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Conference: Early Modern Viewers and Buildings in Motion

Friday, January 13, 2017   (0 Comments)

Saturday, 25 February 2017

Old Divinity School, St. John's College
University of Cambridge, UK

Supported by St. John’s College, University of Cambridge and by the Institute of Advanced Study, the Institute of Medieval and Early Modern Studies, and the School of Modern Languages and Cultures, Durham University

Registration Deadline: Sunday, 12 February 2017
Fee (includes lunch and refreshments): £15
Website: https://www.dur.ac.uk/conference.booking/details/?id=704

Abstract Movement, both literal and metaphorical, lies at the heart of early modern European architectural theory, design and experience. Architectural authors invoked the notion of progress as temporal motion, structured their books as tours of buildings, and followed the ancient Roman Vitruvius in explaining how to manipulate the motions of winds through building design. Simultaneously, poets led their readers on tours of house and estate, and Aristotelian as well as mechanistic philosophers averred that motion was inherent to human perception from particle vibrations in one’s senses to neural vibrations in one’s brain. Across a range of scales in actual lived experience, moreover, viewers and buildings were frequently in motion; people walked through built spaces, interiors contained portable furnishings, and travellers and prints circulated ideas of buildings internationally.

This conference seeks to examine the range of scales, media, and theoretical discussions which foreground early modern intersections of architecture and motion. In so doing, it both puts into motion the usually static viewer and building of historical narratives and merges often independent yet overlapping strands of analysis – for instance, the ‘mobile viewer’ studied by art historians Michael Baxandall and Svetlana Alpers and the tensions surrounding early modern globalization discussed by cultural historians. These and other strands of inquiry are brought together by an international, interdisciplinary group of speakers examining case studies encompassing England, France, Italy, German-speaking areas, and the New World during the fourteenth through nineteenth centuries.

Programme

9.30 Registration

10.00 Welcome
Frank Salmon (University of Cambridge) and Kimberley Skelton (Durham University)

10.05 Session 1.
Chair: Kimberley Skelton (Durham University)

  • Allison Stielau (University College London): ‘The Censer as Mobile Mini-Building, Swung Structure, and Producer of Olfactory Space’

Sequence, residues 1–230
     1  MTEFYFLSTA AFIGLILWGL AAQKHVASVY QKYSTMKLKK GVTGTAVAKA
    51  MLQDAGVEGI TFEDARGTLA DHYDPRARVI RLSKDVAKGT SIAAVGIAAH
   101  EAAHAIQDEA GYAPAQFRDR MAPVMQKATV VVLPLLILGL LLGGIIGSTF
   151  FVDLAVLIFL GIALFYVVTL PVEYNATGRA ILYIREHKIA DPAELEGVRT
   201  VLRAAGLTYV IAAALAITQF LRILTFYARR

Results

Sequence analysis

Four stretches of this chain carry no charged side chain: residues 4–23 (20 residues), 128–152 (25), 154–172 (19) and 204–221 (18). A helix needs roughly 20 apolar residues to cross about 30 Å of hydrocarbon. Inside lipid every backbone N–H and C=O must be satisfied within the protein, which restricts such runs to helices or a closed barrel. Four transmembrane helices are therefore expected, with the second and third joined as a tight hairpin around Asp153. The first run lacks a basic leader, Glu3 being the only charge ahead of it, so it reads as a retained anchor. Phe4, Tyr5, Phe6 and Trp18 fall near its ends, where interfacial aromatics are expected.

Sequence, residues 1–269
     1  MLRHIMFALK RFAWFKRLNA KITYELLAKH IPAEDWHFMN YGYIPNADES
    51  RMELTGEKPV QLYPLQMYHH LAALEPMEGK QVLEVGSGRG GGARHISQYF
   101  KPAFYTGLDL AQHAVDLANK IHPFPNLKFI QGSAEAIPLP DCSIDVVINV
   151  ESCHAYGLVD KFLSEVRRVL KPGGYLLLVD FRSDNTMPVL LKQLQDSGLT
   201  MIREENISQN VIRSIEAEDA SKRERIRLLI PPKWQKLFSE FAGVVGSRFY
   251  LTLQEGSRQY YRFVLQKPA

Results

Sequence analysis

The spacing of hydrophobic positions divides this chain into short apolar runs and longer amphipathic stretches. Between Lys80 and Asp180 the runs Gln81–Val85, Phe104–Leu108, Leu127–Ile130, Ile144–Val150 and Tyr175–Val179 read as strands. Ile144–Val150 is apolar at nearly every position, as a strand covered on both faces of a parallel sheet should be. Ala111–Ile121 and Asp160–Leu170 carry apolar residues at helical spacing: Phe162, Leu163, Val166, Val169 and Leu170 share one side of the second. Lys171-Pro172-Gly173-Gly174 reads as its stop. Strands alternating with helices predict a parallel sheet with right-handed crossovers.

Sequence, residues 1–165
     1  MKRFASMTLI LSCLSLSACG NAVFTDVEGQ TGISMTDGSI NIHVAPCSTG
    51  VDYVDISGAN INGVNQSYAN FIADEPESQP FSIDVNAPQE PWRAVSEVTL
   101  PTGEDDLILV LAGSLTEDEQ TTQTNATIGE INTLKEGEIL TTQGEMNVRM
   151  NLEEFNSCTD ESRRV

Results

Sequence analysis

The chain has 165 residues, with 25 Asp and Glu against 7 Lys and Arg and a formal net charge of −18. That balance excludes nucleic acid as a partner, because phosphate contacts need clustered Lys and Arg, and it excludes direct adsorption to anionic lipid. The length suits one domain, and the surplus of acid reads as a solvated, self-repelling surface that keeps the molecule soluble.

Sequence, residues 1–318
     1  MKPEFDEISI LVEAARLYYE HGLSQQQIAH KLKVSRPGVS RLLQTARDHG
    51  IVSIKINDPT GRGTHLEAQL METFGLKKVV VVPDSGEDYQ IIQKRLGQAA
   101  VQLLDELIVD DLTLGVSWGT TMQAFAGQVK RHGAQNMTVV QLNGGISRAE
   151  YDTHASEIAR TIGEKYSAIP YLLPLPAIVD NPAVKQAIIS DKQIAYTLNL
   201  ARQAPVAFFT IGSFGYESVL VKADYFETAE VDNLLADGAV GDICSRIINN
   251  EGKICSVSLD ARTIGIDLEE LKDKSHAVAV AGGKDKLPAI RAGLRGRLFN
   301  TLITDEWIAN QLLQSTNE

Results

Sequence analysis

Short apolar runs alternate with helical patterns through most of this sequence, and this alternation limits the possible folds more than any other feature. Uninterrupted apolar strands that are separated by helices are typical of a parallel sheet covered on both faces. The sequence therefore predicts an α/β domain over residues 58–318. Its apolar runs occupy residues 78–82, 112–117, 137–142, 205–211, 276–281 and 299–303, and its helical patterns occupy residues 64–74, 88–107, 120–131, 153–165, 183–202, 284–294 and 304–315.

• Andrew Chen (University of Cambridge): ‘Fourteenth-century Ascetic Imagery in a Staircase at Santa Maria della Scala, Siena’
  • Donal Cooper (University of Cambridge): ‘Fleeting Visions: Occluded Altarpieces and Mobile Eyes in the Italian Renaissance Church Interior’

11.30 Coffee

12.00 Session 2.
Chair: Frank Salmon (University of Cambridge)
  • Stefano Cracolici (Durham University): ‘The Poliphilo Syndrome’
  • Kimberley Skelton (Durham University): ‘Sensory Vibrations and Social Reform at San Michele a Ripa in Rome’
  • Bram Van Oostveldt (University of Amsterdam/Leiden University): ‘Frantic Memories and Excessive Objects: Monicart's Versailles immortalisé ou les merveilles parlantes de Versailles (1720)’

1.30 Lunch

2.30 Session 3.
Chair: Donal Cooper (University of Cambridge)
  • Caroline van Eck (University of Cambridge): ‘Moving through Space and Time: Immersive Spaces at the Hôtel de Beauharnais in Paris’
  • Edmund Thomas (Durham University): ‘Movement Through Ruins: Re-experiencing the Antique in Eighteenth-Century Travelogues’
  • Rebecca Tropp (University of Cambridge): ‘Movement and the Central Core: Design Principles in the Country Houses of John Nash’

4.00 Tea

4.30 Session 4.
Chair: Stefano Cracolici (Durham University)
  • Daniel Jütte (New York University/University of Cambridge): ‘Entering the Early Modern City: Gates as Sites of Passage’
  • James Campbell (University of Cambridge): ‘Libraries in Motion’
  • Emily Mann (University of Kent): ‘From Ship to Shore: The Architecture of Early Modern Trading Companies’

6.00 Wine Reception

 


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